The wild relatives of domesticated crops possess genetic diversity useful for developing more productive, nutritious and resilient crop varieties. However, their conservation status and availability for utilization are a concern, and have not been quantified globally. Here, we model the global distribution of 1,076 taxa related to 81 crops, using occurrence information collected from biodiversity, herbarium and gene bank databases. We compare the potential geographic and ecological diversity encompassed in these distributions with that currently accessible in gene banks, as a means to estimate the comprehensiveness of the conservation of genetic diversity. Our results indicate that the diversity of crop wild relatives is poorly represented in gene banks. For 313 (29.1% of total) taxa associated with 63 crops, no germplasm accessions exist, and a further 257 (23.9%) are represented by fewer than ten accessions. Over 70% of taxa are identified as high priority for further collecting in order to improve their representation in gene banks, and over 95% are insufficiently represented in regard to the full range of geographic and ecological variation in their native distributions. The most critical collecting gaps occur in the Mediterranean and the Near East, western and southern Europe, Southeast and East Asia, and South America. We conclude that a systematic effort is needed to improve the conservation and availability of crop wild relatives for use in plant breeding.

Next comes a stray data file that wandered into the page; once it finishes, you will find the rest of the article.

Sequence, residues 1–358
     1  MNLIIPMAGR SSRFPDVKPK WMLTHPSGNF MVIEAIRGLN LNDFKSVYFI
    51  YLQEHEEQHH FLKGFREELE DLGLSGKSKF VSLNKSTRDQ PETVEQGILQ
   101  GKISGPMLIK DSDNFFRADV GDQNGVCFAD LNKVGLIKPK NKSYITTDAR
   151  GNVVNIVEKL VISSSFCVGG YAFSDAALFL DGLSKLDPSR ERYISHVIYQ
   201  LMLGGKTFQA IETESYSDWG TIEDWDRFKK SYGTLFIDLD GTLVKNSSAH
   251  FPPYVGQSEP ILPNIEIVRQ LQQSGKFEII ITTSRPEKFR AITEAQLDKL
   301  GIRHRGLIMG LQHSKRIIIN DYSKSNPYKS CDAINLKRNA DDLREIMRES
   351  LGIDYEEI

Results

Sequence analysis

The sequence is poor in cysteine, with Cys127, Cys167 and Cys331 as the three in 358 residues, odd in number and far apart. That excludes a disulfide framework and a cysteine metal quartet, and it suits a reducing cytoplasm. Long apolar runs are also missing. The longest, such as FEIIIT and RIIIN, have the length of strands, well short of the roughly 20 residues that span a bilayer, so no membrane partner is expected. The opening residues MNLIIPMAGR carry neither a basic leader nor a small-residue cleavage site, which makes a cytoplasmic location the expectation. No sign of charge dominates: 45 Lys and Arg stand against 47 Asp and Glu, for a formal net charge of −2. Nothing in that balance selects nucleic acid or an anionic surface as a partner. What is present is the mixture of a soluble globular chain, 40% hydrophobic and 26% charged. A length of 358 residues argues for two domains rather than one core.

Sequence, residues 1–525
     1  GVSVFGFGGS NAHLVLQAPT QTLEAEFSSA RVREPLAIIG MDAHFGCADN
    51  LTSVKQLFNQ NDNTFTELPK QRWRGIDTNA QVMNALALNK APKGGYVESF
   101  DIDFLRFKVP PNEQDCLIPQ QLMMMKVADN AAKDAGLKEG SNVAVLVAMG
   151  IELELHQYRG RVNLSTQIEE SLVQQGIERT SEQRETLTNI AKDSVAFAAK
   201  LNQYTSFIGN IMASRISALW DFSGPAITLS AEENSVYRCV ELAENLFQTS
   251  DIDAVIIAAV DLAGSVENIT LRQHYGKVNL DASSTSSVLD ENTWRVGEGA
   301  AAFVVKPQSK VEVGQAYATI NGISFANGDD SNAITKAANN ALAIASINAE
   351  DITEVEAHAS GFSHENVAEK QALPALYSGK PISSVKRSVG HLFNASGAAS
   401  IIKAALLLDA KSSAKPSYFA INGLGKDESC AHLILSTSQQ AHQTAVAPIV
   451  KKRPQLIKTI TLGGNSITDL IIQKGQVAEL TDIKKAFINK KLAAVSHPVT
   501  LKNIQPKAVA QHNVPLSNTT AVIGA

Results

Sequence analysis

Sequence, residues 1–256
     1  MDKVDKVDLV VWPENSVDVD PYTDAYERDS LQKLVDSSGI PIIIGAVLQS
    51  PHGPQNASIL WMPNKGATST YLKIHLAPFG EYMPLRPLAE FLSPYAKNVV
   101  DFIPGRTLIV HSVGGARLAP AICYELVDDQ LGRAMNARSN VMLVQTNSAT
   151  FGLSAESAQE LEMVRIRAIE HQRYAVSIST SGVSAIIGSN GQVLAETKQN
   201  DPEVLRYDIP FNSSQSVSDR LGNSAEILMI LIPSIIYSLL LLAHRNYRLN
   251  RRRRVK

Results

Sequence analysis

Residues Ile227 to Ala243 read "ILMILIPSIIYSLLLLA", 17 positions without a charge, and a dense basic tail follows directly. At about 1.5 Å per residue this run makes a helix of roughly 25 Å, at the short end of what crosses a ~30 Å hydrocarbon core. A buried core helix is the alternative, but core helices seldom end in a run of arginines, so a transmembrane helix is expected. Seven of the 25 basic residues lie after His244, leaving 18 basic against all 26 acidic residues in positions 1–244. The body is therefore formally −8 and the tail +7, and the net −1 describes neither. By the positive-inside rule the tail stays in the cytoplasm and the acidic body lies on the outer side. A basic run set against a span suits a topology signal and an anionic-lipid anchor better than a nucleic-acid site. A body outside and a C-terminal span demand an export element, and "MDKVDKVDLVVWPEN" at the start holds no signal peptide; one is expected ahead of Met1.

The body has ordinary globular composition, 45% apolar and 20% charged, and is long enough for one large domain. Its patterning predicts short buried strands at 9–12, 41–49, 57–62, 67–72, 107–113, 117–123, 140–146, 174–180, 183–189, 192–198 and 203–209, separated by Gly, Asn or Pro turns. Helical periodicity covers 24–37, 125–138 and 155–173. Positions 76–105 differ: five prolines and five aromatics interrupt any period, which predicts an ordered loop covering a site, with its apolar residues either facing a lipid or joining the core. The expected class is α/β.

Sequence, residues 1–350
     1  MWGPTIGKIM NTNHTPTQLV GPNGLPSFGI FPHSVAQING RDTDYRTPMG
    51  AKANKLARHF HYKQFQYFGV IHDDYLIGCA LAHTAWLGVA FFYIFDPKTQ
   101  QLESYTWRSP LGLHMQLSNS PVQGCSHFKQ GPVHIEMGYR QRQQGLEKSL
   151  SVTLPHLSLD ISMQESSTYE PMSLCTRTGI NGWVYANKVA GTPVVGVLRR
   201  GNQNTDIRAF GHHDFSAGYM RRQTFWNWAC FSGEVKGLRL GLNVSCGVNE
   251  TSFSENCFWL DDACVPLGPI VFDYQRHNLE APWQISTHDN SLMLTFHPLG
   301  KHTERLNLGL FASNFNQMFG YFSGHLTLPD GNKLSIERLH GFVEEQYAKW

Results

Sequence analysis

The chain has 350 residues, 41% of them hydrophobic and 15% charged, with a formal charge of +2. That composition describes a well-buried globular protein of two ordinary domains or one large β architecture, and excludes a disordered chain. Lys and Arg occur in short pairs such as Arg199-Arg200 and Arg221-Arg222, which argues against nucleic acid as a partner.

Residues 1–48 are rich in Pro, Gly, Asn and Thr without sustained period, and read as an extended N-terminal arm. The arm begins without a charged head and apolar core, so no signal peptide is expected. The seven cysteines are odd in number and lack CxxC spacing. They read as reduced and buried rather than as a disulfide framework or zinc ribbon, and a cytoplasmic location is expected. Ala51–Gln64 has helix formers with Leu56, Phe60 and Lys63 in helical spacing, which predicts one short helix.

We thank J. Wiersema and B. León for major contributions to taxonomic concepts; the herbaria, gene banks, researchers and other sources that contributed occurrence data to the analysis (Supplementary Table 3); the expert evaluators of gap analysis results (Supplementary Table 4); S. Calderón, I. Vanegas, H. Tobón, D. Arango, H. Dorado and E. Guevara for data inputs and processing; and S. Prager for comments. This work was undertaken as part of the project ‘Adapting Agriculture to Climate Change: Collecting, Protecting and Preparing Crop Wild Relatives’, which is supported by the Government of Norway. The project is managed by the Global Crop Diversity Trust and the Millennium Seed Bank of the Royal Botanic Gardens, Kew, and implemented in partnership with national and international gene banks and plant breeding institutes around the world. For further information, visit the project website: http://www.cwrdiversity.org/. Funding was also provided by the CGIAR Research Program on Climate Change, Agriculture, and Food Security, Cali, Colombia.